When were uniforms for doctors and nurses designed? Have they always assisted patients in white coats? Why did a blood-stained surgeon gain more authority than a doctor in a clean suit a century ago? We have prepared the Top 5 interesting facts from the history of medical uniforms.
Surgeries — in amphitheaters, surgeons — in casual clothes
For a long time, surgical procedures were carried out in spacious halls that looked like amphitheaters. Numerous tiers were filled with students and other doctors observing the course of operations and their techniques. Today, it seems more than strange, but before the era of asepsis and antisepsis, surgeons, assistants, and nurses performed surgeries in ordinary clothes. If the operation was complicated, an apron with armbands or gloves was worn on top of them. Until the 19th century, blood stains on the surgeon's clothes were considered proof of professionalism and well-done work. The situation changed only after Joseph Lister introduced the basics of asepsis and antisepsis into surgical practice.
Joseph Lister — the founder of antisepsis and medical gown
The English surgeon is called the founder of antisepsis and asepsis (see pic). Among his initiatives, which fundamentally changed the course of surgical interventions and the mortality statistics from infectious complications, are the transformation of amphitheaters into traditional operating rooms and the mandatory wearing of sterile medical clothing. Not all doctors enthusiastically reacted to the appearance of gowns, specialized scrubs, masks, caps, and gloves. But gradually, new elements of medical clothing became widespread. At the same time, many surgeons primarily sought to protect themselves from possible infections on the part of the patient rather than taking care of their condition.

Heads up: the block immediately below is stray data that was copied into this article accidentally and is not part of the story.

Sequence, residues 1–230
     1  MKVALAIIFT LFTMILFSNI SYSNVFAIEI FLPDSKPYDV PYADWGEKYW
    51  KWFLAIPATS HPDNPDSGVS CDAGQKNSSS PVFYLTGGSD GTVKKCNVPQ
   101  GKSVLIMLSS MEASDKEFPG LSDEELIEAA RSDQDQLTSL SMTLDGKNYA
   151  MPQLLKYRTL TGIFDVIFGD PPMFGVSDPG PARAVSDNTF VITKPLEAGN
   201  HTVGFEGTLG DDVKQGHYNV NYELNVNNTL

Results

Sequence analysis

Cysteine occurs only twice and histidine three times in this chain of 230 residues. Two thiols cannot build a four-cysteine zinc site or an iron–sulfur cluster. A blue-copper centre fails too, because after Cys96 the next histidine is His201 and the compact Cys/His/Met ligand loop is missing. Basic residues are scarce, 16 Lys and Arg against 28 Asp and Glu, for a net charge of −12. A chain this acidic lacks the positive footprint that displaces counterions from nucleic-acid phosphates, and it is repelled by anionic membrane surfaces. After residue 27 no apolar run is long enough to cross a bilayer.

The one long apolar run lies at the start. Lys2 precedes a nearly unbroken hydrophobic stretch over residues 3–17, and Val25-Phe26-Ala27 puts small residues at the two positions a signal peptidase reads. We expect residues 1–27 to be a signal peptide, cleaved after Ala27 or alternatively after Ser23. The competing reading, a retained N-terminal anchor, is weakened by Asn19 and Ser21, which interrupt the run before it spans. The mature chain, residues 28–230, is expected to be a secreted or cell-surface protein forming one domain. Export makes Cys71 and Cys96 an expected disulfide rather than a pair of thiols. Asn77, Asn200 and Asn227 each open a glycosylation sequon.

Nurses began wearing uniforms earlier than doctors
Sisters of Mercy (a Catholic women's institution was founded in 1831 in Ireland), who interacted with the wounded directly on the battlefield, usually wore a specialized white uniform. It became a symbol of purity, compassion, and a guarantee of medical care. Later, white coats appeared in medical institutions. Medical professionals of all levels were obliged to wear them. White color not only ensured discipline and had a calming effect on patients but also provided many advantages to the staff:
- All stains and dirt are clearly visible on the white uniform, which requires constant maintenance of its absolute cleanliness;
- White fabric can withstand numerous washes, boiling, processing with chlorine-containing agents and under high pressure;
- White suits are clearly visible in dark rooms and crowds.
Transformation of white surgical scrubs into green and blue
The operating room is a space with bright, intense lighting. During long interventions, it negatively affects the eyes of surgeons and nurses. In addition, bright lighting combined with white uniforms can lead to an increased load on the visual analyzer and cause temporary blindness.
The use of blue and green uniforms allows for preventing undesirable consequences for medical workers. Since the middle of the 20th century, these shades have been considered a priority for operating room staff as they contrast with the colors of the environment and reduce eye fatigue.
Evolution of medical uniforms as personal protective equipment
Since the 1970s, medical apparel has acquired a modern look. Practical shirts and trousers of various styles and colors began to be made of cotton or mixed fabrics with the addition of polyester. Disposable uniforms have been developed to provide healthcare workers with maximum protection during pandemics. They prevent doctors and nurses from contact with viruses and bacteria, aggressive chemicals and their fumes. Personal protective equipment is used not only by doctors but also by workers of sanitary and epidemiological services, laboratories, and the food industry.
(The illustration was taken from public source wikipedia en.wikipedia.org/wiki/Joseph_Lister#/media/File:Joseph_Lister_1902.jpg)